Where the Mobil Station is now located there was a local bowling alley followed by the Green Sopot Cafe and Cocktails Annex, on the NE corner of C St and 7th, it was also the Greyhound bus stop. Across C, on its SE corner (15595 7th) was a "Bud Hetzler's Shell Service with Goodyear Tires, Batteries and Guaranteed Recapping"., that he relocated to the NE corner after thd Green Spot's Cafe was torn down. In the two photographs from the 1940s and 1950s you can see them.

Looking north along 7th Street in the 1950s.

color 1950s photo postwcard of 7th St looking north, cars parked, driving, stores, neon signs, billboards, gas stations, hills in the distance
1950s view along 7th St (Route 66) in Victorville. Source

See the current view looking north at that same spot.

Green Spot Motel

Turn left along C St. and in the middle of that block, to your right, is the classic Route 666 Green Spot Motel, at 16937 C St.

The postcard below states taht it is "Southern California's finest auto court - truly de luxe... private showers and tub bath... Beauty rest mattresses... running ice water in each unit... Air conditioned by Frigidaire... H.E. Roy, Proprietor."
It has kept its original apparance, with its individual cabin-style units around a central courtyard.

The Green Spot Motel in a 1940s postcard

black and white 1940s postcard showing the Green Spot Motel with cabins around a central courtyard and text
ca. 1940s postcard of the Green Spot Motel Route 66, Victorville, California
motel with two arched roofed entrances, with cabins in a walled enclosure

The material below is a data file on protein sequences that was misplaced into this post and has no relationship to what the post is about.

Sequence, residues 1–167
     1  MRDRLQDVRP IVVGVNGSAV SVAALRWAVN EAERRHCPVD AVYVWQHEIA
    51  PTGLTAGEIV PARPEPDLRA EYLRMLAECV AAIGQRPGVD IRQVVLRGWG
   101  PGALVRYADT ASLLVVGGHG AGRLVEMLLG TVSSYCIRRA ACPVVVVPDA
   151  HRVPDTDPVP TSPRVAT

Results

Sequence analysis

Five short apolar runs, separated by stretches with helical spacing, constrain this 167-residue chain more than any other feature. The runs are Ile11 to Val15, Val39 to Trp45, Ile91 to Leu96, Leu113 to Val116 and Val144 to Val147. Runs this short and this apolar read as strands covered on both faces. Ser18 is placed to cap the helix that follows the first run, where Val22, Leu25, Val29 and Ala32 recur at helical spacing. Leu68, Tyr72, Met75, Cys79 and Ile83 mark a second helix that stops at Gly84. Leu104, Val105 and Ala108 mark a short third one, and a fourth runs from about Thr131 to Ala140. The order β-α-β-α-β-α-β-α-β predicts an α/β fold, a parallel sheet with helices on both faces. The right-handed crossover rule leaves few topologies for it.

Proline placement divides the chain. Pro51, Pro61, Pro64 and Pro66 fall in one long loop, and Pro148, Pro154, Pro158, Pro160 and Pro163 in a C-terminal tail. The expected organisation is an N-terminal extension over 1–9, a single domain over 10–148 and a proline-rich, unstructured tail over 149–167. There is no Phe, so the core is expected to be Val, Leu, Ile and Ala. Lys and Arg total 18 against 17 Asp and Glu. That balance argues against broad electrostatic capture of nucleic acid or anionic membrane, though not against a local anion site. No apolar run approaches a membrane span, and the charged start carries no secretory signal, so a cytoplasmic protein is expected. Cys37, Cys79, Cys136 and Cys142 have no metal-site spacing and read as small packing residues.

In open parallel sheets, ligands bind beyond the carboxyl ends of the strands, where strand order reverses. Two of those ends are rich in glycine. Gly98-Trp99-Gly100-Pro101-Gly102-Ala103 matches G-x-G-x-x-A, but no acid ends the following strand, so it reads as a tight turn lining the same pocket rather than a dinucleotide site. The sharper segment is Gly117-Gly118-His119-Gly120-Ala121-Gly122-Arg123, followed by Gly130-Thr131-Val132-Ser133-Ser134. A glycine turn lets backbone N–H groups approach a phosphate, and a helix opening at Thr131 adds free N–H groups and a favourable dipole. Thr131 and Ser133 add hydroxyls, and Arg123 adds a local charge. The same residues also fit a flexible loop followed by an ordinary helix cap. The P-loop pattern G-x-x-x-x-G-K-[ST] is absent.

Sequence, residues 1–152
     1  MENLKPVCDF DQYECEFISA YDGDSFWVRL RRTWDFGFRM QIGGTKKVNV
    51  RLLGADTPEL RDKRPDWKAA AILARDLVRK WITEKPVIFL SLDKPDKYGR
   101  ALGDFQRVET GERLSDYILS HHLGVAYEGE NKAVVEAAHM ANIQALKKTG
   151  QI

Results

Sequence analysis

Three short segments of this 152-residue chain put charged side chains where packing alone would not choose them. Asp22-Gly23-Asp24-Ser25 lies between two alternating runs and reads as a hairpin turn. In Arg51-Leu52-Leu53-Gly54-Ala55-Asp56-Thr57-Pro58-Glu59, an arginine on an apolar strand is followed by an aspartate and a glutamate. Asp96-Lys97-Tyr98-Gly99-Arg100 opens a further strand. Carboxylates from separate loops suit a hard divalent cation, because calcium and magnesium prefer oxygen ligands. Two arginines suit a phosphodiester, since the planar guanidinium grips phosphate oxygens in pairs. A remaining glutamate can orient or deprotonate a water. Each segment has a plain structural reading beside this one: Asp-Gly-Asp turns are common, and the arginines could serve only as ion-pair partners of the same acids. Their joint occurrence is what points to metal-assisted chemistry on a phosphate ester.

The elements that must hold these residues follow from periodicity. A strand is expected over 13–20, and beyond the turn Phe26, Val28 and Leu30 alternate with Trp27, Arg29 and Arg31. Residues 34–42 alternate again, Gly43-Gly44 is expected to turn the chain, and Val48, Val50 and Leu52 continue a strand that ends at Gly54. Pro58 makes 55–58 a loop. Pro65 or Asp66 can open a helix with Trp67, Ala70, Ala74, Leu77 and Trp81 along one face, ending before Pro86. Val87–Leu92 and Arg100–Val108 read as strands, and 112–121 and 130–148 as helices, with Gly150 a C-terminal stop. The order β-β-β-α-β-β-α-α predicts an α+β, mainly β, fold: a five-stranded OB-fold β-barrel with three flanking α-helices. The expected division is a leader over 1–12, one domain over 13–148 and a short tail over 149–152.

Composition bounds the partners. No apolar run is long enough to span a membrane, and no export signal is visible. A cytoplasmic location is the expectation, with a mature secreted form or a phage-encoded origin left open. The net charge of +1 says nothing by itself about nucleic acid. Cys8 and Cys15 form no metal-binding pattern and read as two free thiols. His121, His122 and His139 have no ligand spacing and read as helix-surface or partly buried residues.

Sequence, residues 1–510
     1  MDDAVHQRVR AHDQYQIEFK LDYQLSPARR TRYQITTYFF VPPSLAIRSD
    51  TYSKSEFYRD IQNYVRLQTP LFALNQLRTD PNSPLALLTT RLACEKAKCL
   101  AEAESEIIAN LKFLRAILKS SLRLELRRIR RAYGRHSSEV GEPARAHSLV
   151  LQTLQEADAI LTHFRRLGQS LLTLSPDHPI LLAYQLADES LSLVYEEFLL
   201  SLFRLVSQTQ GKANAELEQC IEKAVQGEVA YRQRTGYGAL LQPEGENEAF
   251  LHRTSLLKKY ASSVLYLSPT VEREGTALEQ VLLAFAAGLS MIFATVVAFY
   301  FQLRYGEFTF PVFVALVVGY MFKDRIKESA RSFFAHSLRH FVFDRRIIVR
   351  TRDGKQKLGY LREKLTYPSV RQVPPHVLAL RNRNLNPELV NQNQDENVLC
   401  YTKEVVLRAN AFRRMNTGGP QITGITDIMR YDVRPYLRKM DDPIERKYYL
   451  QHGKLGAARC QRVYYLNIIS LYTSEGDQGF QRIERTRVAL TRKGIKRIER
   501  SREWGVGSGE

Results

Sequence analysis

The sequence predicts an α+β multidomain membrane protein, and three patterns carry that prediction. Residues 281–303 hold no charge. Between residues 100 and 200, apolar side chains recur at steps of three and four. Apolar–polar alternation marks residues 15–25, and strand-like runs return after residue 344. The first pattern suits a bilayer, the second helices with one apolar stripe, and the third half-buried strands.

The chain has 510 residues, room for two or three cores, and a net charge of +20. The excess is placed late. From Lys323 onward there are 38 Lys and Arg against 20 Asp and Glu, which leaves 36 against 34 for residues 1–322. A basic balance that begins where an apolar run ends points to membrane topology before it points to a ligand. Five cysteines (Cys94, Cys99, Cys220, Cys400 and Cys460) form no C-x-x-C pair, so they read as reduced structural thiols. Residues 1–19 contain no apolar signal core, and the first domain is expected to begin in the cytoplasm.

Green Spot Motel nowadays. Click for St. view

Head back to 7th St., and drive west along it, almost nothing remains of the old cafes, drugstores, diners, garages and service stations. Time has been relentless. They have been torn down: On the corner of 7th and B (15542 7th) was Alfred Broulik's Chevron Service, ahead at A St. there were two gas stations, at 15505 7th was Houghton's Flying A, and on the SW corner (15492) was Love's Signal Service. On the next corner where the Veteran's memorial is located was Bett's Union Service Station. Ahead where Corona Auto is now located was C.L. Howard's Richfield, across the street, at 15378 was Pebley's Union Service and nest to it is a former motel.

Kleen Spot Auto Court

It advertised in the 1959 phone directory as follows: "George & Mollie Pace - Owners. Modern Cabins. Reasonable Rates. Steam Heat - Winter. Aire cooled - Summer. 15370-7th St. W Hwy 66." The buildings are still there, the garages that separated the units have been walled in, and the building to the left, now Birrieria Sinaloa) removed the curved pediment, but the main building retained it; see a current view of the place.

black and white 1940s photo postcard, curved pediment on buildings facing US 66 with units in an inner yard with garages between them. Tree in the middle, highway in front
Kleen Spot Auto Court c.1940s. Source

On the corner with Union Street at 15344 7th was Tom & Jerry's Mobile Service (Gral petroleum Co), now an empty lot. Two blocks west is a small building that housed Rachel & John's Cafe at 15176 7th St. (Street view.)

At 15031 7th is a tire shop that in the 1950s was Fred's Texaco Service its telephone directory advertisement can be seen in the following image. The building has survived, but altered.

composite image. Left: 1959 phone directory ad of Freds Texaco, Right: tire shop, former gas station
Fred's Texaco, 1959 phone book ad and current view. Click for St. view

At Merril St (15165 7th) was the now gone Pleasent View Motel.

Victorville Travelodge

2 story hotel on a corner with cars parked

Former Travelodge Motel nowadays. Click for St. view